Rounding up cosmetic ingredients that are ideal for addressing the immediate and long term damages caused by sun exposure
For those suffering from sunburn, expert advice is to stay in the shade or indoors to avoid further exposure
This mantra has been made all the more convenient via efforts by the cosmetics industry to develop sun protection that is not just effective, but easy to apply and with a pleasant look and skin feel.
Additionally, the ‘skinification’ of make-up has seen SPF make its way into many of our everyday essentials.
But what about those times you get caught out – when your eyes flutter open after a 60-minute nap by the pool, or when your barbeque lunch turns into an all-afternoon affair?
What are the damages that can be sustained both immediately from such events and as the result of longer term exposure?
“UVA and UVB damage the DNA in skin cells, producing genetic defects, or mutations, that can lead to skin cancer, exacerbate melasma and pigmentation issues, as well as cause premature ageing,” says Dr Maryam Zamani, oculoplastic surgeon, facial aesthetics doctor and founder of the MZ Skin brand.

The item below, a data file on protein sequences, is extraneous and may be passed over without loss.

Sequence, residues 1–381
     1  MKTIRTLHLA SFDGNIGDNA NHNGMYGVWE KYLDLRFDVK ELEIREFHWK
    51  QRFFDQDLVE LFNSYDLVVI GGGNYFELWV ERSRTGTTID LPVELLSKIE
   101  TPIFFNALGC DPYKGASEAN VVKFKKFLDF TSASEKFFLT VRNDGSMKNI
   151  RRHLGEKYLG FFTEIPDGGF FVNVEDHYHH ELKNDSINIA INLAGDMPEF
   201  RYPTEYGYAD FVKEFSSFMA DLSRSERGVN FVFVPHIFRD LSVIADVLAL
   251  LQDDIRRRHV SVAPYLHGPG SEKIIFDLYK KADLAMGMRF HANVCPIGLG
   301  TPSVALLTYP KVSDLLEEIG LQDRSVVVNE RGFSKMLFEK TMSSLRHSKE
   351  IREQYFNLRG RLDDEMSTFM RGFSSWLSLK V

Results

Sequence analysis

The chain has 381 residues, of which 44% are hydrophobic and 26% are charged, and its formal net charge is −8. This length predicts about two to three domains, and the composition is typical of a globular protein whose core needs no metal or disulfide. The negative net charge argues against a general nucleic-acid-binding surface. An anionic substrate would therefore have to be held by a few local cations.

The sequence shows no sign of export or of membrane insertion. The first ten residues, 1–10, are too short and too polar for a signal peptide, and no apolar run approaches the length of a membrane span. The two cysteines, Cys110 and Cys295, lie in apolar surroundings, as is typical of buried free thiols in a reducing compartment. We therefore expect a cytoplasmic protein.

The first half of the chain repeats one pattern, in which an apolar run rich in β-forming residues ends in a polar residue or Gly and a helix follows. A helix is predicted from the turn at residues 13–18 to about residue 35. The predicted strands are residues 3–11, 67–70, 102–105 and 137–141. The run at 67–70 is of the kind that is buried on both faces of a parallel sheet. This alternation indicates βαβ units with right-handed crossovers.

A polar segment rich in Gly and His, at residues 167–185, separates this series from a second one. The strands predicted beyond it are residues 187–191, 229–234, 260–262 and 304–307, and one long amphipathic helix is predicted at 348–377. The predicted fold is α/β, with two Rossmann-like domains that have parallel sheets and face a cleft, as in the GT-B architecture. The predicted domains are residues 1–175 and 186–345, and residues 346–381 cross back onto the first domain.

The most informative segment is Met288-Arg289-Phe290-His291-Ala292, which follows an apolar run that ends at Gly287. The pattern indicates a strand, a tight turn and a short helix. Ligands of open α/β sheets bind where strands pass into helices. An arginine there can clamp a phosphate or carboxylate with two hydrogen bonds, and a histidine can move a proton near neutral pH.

For those suffering from sunburn, Zamani’s advice is to stay in the shade or indoors to avoid further exposure.
“To reduce inflammation and inject moisture back into your skin, run yourself a cool or lukewarm oatmeal bath; cucumbers are also antioxidants that can help soothe the skin.
“Use an aftersun product or lotion containing aloe vera to calm and moisturise the skin,” she adds.
As well as aloe vera, Zamani also recommends soy, yoghurt, milk and essential oils, such as lavender, for their soothing effect on sunburned skin.
“Additionally, vitamin E can help reduce inflammation caused by sunburn along with [ointment brand] Aquaphor to help aid the healing process.”
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